ShareThis Page

Uncovered ad extols 'greatest opportunity' in Trafford

| Tuesday, July 2, 2013, 9:00 p.m.
Chris Foreman Penn-Trafford Star Lynn Lloyd of Mesquite, Texas, found a worn poster from the Real Estate Trust Co. advertising the sale of lots in 'Trafford City' in his stepmother's Herd Road home after she died in April. Lloyd's father, Don, who died in 1994, worked for Westinghouse and collected mementos of Trafford's history.

The tattered handbill, hidden away for years, proclaims the promise of a new Westinghouse industrial community: “Trafford City.”

Featuring an artist's rendering of the town's “monster new foundry interests” and a street plan of properties for sale, the poster invites investment into “this grand new city.”

In what is described as “this unquestionably greatest opportunity in the annals of real estate,” business lots are available for $850; residential lots go for $250, $300 or $400.

Until this spring — more than a century after industrialist George Westinghouse bought the land that became Trafford — the 38-inch-by-24-inch flier was stashed in a box labeled as Christmas decorations in the back of Mary Jane Lloyd's Herd Street home.

When her stepson, Lynn Lloyd, found it after her death in April, he said, he knew he had to give it to the borough.

Trafford officials now are considering how to preserve it.

“When I came across that, I thought, ‘Oh jeez, well, that's the start of the town,” said Lloyd, who now lives in Mesquite, Texas.

Lloyd isn't sure how the family acquired the poster, but he included it in a couple of boxes of community mementos and photos he sent to Trafford Mayor Rey Peduzzi.

Peduzzi — who noted that Mary Jane Lloyd's husband, Don, was a curator of Trafford artifacts — said he frequently encourages families that are sorting through estates to pass on borough-related keepsakes to him.

Before his death in 1994, Don Lloyd was an avid collector of historical items who enjoyed going to flea markets and helped a nephew with his auction business, Lynn Lloyd said.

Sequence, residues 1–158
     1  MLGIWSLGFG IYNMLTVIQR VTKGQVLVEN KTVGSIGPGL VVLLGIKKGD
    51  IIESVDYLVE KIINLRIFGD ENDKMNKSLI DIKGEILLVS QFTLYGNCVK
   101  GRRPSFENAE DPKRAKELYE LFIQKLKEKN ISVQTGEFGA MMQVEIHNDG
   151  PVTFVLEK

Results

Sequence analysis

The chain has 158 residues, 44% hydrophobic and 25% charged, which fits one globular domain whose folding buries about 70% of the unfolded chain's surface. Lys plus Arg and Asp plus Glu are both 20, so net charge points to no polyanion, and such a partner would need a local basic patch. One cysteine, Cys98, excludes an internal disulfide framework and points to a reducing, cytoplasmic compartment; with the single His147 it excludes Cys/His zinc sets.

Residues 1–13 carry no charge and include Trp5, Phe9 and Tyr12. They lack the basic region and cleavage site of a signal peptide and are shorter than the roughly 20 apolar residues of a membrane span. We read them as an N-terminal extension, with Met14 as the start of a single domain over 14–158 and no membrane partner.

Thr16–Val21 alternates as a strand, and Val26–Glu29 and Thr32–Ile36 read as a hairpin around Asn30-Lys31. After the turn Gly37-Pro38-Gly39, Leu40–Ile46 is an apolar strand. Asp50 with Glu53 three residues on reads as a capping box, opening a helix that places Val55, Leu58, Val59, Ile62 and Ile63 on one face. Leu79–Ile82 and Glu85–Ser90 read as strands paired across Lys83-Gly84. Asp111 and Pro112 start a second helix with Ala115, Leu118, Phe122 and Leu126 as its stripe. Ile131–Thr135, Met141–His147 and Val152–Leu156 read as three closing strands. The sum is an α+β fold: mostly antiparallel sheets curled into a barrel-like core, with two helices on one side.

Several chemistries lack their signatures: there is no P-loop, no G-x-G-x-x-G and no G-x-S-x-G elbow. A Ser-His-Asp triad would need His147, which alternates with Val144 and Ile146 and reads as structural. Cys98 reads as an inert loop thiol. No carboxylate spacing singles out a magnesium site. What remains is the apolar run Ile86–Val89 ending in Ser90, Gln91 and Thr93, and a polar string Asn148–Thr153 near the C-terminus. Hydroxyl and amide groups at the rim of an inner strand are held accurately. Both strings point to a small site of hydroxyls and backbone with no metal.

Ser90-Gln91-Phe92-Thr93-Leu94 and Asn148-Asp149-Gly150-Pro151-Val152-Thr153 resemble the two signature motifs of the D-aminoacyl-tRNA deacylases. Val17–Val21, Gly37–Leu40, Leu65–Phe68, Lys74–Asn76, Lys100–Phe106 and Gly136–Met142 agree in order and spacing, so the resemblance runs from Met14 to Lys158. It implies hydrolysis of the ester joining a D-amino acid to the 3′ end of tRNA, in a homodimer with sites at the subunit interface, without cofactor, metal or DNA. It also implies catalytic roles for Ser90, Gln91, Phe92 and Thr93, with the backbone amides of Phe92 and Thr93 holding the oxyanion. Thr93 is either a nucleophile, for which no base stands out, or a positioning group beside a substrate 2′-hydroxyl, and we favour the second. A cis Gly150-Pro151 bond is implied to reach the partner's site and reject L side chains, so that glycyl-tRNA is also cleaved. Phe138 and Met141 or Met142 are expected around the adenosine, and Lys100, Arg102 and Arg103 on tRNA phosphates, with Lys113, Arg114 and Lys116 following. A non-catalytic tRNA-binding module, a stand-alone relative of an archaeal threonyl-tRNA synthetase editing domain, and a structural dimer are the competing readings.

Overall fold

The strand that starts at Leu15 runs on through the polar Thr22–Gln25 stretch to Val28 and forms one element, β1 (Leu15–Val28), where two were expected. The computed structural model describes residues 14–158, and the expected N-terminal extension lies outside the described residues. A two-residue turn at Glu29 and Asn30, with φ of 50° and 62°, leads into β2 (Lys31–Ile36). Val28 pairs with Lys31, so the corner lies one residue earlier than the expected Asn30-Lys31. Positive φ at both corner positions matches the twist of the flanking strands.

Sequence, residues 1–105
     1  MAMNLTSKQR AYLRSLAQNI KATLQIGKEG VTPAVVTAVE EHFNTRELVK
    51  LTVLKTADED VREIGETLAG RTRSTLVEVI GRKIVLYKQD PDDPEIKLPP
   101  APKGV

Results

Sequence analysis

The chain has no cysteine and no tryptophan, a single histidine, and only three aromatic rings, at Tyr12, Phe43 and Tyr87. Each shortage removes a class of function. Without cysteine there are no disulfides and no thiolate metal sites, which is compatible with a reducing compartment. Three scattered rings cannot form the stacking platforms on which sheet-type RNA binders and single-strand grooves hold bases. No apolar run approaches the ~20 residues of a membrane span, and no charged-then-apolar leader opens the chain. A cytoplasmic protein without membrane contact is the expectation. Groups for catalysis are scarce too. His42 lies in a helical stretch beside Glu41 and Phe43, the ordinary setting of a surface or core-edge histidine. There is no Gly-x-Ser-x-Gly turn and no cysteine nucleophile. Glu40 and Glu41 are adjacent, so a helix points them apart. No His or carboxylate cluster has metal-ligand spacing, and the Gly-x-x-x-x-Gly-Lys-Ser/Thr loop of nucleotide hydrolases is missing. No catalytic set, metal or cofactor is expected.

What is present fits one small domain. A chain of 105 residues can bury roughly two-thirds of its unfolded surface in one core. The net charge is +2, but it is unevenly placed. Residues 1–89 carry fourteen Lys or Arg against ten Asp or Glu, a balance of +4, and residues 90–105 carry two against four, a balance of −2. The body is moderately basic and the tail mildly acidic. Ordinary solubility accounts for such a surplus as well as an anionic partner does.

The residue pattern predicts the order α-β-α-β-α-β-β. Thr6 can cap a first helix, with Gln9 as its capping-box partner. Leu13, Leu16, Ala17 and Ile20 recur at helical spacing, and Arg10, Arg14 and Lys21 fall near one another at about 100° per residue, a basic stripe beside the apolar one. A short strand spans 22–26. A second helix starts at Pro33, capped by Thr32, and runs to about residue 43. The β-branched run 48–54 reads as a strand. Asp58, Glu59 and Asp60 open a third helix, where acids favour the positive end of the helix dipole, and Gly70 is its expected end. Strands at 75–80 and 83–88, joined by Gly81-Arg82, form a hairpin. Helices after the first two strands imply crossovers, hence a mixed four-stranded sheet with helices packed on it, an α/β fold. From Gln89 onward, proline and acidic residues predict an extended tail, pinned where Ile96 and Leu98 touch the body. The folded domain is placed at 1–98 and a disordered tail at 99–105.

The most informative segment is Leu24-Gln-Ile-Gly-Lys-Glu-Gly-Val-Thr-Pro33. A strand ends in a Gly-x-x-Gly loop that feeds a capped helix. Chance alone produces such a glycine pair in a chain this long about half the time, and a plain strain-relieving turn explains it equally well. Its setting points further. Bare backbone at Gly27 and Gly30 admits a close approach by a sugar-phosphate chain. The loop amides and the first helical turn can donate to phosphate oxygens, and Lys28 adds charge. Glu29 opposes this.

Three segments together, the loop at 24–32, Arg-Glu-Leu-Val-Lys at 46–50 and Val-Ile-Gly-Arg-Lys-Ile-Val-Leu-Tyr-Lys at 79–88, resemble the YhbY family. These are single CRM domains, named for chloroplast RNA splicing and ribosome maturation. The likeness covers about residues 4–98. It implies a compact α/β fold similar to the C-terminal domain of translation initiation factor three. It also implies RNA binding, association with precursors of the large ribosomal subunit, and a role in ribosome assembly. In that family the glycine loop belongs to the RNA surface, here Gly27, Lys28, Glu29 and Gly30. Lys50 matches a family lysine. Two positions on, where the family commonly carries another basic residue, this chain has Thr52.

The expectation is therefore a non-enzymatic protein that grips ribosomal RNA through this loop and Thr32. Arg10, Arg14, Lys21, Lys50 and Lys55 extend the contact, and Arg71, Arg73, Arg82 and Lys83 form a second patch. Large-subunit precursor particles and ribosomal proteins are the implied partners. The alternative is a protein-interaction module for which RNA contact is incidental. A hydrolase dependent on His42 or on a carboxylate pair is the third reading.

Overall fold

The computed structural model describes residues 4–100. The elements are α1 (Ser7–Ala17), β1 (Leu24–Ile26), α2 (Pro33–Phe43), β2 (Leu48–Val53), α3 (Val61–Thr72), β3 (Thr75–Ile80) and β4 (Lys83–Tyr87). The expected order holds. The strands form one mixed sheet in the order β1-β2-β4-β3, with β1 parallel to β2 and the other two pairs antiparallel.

Don Lloyd, who collaborated on a book about Trafford's 75th anniversary, worked in the electric motor division for Westinghouse. Mary Jane Lloyd retired as an office worker from the Pennsylvania Railroad, which the poster states was offering a “grand free excursion,” or train ride, to potential investors.

Though the Lloyds' circular doesn't mention the year, it refers to the same June 7 sale date that the Pittsburgh-based Real Estate Trust Co. advertised in Pittsburgh newspapers in 1902 for buying lots in “Trafford City.”

In the days leading up to the sale, large newspaper ads — some spanning an entire page — trumpeted the development of Trafford two years before its incorporation as a borough.

In one, a drawing shows foundry workers dumping a cauldron of coins over the blocks between Brinton and Duquesne avenues.

Others show some of the purported 1,600 workers who were building the town by installing the sewage pipes or a woman holding up a light bulb in a pose similar to the Statue of Liberty.

In buying the property that became Trafford in 1902, George Westinghouse was repeating a pattern of developing towns around his company's plants in Wilmerding and Turtle Creek, said Mike Funyak, a 2011 Penn-Trafford graduate who is doing an internship for Wilmerding Renewed Inc., the preservation group that owns the former Westinghouse Castle in Wilmerding.